I particularly enjoyed the moment in the play when he said he’d never claimed any form of disability money.  Neither did I.  Then the moment he said “I hate Job Seekers’ and how he showed a brief part of what it is like claiming Job Seekers and the unfair system and the snooty clueless JSA staff.  The moment he said “I never claimed disability, but even if I wanted to I bet I wouldn’t get it now.” So keeping with the times particularly as we’re currently hearing about ESA payments being cut by £30 a week.  Unfair when you have the handicap of disease and discrimination to hold you back.  And you don’t want that, you just want to be normal.  Would you rather be ill and get money anyway?  Or would you rather be contributing?

The audience was bigger than ‘Playing Maggie and at the end the actor took time to sit on the stage and answer questions.  Questions about the disease, the creative process, the research.  Alongside him sat the actress and also the charity ‘Gains’ who help people with neurological illnesses.  Again, this was a charity I had not heard of and I’m sure in my darkest moments they could have offered myself great support.  They’re a charity I’m definitely going to contact.  I enjoyed his interaction with the audience.  I like writing so appreciated the information on the creative process. I’ve been ill so his talk was informative.  It was clear that many themselves had suffered with the awful syndrome or had relatives who had suffered.  Probably why during the performances many had held their breath and there were many stunned silences.  My partner held my hand throughout.  Because although he hasn’t got any type of autoimmune disease, he’s been with me through the second fight until I too ‘got better slowly’ and it is a slow process from months or in my case – years!!! He said to me at the end:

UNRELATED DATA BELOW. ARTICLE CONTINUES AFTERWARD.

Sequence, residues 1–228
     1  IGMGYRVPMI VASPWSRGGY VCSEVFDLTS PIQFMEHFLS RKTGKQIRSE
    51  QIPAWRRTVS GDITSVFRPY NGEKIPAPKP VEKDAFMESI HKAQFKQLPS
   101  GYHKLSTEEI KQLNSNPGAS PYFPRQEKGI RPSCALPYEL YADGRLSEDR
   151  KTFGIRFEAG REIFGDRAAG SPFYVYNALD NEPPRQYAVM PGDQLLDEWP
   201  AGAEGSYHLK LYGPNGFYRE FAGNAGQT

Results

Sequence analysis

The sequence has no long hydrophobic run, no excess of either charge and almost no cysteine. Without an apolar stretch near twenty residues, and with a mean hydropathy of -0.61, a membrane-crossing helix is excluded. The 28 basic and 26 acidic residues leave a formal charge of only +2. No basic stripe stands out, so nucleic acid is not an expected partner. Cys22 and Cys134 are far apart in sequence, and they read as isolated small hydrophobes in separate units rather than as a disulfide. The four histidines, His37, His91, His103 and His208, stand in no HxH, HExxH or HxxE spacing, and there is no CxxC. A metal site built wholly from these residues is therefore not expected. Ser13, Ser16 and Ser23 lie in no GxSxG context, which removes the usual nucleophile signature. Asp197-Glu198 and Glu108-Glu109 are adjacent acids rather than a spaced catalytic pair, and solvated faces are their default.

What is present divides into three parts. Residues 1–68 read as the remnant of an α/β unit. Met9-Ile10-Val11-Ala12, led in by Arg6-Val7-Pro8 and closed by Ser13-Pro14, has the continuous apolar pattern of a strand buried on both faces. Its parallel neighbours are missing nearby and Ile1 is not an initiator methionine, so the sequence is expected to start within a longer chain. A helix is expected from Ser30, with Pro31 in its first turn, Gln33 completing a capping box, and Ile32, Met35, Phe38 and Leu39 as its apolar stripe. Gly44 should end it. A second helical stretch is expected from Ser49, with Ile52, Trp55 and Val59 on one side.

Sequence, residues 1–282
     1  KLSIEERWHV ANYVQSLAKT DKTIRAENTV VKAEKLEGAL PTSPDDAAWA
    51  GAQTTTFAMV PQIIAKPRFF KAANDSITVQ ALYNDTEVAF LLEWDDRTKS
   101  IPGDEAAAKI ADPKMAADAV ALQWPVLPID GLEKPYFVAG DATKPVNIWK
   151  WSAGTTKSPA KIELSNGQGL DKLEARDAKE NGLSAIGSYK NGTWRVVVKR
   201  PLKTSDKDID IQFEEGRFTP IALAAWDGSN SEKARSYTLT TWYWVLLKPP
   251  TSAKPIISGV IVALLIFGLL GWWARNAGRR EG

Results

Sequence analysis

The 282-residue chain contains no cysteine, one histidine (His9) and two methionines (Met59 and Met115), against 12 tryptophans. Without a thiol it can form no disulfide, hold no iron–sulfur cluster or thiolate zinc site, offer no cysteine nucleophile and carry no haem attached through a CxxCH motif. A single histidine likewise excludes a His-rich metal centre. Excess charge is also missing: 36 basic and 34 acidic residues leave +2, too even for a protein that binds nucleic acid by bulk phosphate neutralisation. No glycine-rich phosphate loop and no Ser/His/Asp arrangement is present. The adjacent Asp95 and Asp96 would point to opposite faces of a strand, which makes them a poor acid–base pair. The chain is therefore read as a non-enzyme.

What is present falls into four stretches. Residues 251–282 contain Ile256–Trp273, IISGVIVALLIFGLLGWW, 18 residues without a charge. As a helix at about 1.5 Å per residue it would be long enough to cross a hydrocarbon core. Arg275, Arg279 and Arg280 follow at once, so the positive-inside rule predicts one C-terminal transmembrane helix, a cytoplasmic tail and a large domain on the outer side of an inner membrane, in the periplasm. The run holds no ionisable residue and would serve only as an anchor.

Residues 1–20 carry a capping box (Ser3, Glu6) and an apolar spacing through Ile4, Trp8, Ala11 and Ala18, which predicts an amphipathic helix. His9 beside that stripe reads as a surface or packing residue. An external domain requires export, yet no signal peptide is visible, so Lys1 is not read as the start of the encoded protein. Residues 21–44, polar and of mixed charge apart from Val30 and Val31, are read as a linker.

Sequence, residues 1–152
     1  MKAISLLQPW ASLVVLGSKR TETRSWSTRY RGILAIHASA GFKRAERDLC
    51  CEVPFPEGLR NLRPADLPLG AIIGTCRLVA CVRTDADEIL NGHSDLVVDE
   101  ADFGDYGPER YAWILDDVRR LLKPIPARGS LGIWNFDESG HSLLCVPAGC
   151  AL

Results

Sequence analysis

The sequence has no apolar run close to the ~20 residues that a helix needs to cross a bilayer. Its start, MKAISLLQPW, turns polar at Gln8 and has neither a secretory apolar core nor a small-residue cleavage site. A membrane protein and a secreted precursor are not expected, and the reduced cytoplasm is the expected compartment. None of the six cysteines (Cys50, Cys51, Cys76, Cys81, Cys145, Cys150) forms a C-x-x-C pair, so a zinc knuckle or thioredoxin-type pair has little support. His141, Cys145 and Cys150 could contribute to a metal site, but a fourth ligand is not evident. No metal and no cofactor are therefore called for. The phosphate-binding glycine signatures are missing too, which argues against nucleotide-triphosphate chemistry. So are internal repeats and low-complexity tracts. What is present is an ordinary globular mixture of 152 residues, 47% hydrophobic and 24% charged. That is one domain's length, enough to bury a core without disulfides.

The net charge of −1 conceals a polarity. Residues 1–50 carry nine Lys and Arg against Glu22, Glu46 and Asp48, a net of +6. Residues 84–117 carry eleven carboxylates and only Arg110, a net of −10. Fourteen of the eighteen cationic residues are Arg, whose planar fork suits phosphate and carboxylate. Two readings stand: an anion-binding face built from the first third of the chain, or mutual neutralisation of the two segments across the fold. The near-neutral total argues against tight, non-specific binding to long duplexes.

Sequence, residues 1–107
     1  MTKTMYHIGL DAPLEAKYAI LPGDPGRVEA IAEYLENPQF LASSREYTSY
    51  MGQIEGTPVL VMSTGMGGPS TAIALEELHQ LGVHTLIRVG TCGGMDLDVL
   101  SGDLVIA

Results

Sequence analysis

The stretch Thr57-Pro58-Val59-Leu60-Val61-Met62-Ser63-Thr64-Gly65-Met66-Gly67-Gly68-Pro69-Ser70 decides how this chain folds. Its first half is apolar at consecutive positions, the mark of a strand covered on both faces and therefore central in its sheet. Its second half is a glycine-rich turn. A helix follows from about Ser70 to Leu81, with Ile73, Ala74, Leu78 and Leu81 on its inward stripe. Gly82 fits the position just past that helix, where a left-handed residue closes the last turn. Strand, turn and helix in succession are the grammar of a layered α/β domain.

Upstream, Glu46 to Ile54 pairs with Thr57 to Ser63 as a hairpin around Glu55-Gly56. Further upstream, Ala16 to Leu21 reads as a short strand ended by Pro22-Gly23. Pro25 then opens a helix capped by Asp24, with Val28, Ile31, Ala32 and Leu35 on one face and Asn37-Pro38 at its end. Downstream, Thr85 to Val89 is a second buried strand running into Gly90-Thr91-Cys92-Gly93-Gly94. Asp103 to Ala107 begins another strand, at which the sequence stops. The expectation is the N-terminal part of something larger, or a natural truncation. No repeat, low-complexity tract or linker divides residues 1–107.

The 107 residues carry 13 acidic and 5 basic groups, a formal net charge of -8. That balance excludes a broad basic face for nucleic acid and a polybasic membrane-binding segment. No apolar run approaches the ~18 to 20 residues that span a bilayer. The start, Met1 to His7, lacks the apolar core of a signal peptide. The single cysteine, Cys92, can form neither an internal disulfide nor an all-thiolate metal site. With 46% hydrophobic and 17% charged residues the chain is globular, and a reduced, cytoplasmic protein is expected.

“I have greater understanding of your struggles, I’ve always tried to understand but now I have greater understanding.  You also had to do that with three children, not taking away from his story, it’s powerful and he’s strong, but you didn’t just have yourself to think about and you went through and have been through numerous other problems.  Your story is huge, you need to write it.” And I will.  Art is powerful in any form at spreading awareness.  But I replied to him:

“I’m glad I had my children because off the other side that young man might have thought in his moments of despair that all of that future would be taken away.”

Which brings me back to local theatre and date nights.  Don’t dismiss them. They’re a reasonable priced night out and before the show my partner and I looked around the art gallery at the local artists ‘Life drawing’ imagining my 14 year old son with a piece of his on display.  Slightly off the subject but please let me a share a piece of his:


and another:


Shared experiences are what bond people and keep your relationship moving forward.  They keep your conversations alive as opposed to standard, tv experiences and meals.  Meals are great but I bet many parents find themselves sitting talking about the children all night or work problems.  A performance like ‘Getting Better Slowly’ is enlightening, informative and engaging, but theatres are not just about that, there are many other genre of shows.  We’ll be looking forward to our next one and that’s why I don’t understand why local theatres are not always packed out.

‘Getting Better Slowly’ is touring the uk.  Please check out their website for information on locations and prices – http://www.gettingbetterslowly.com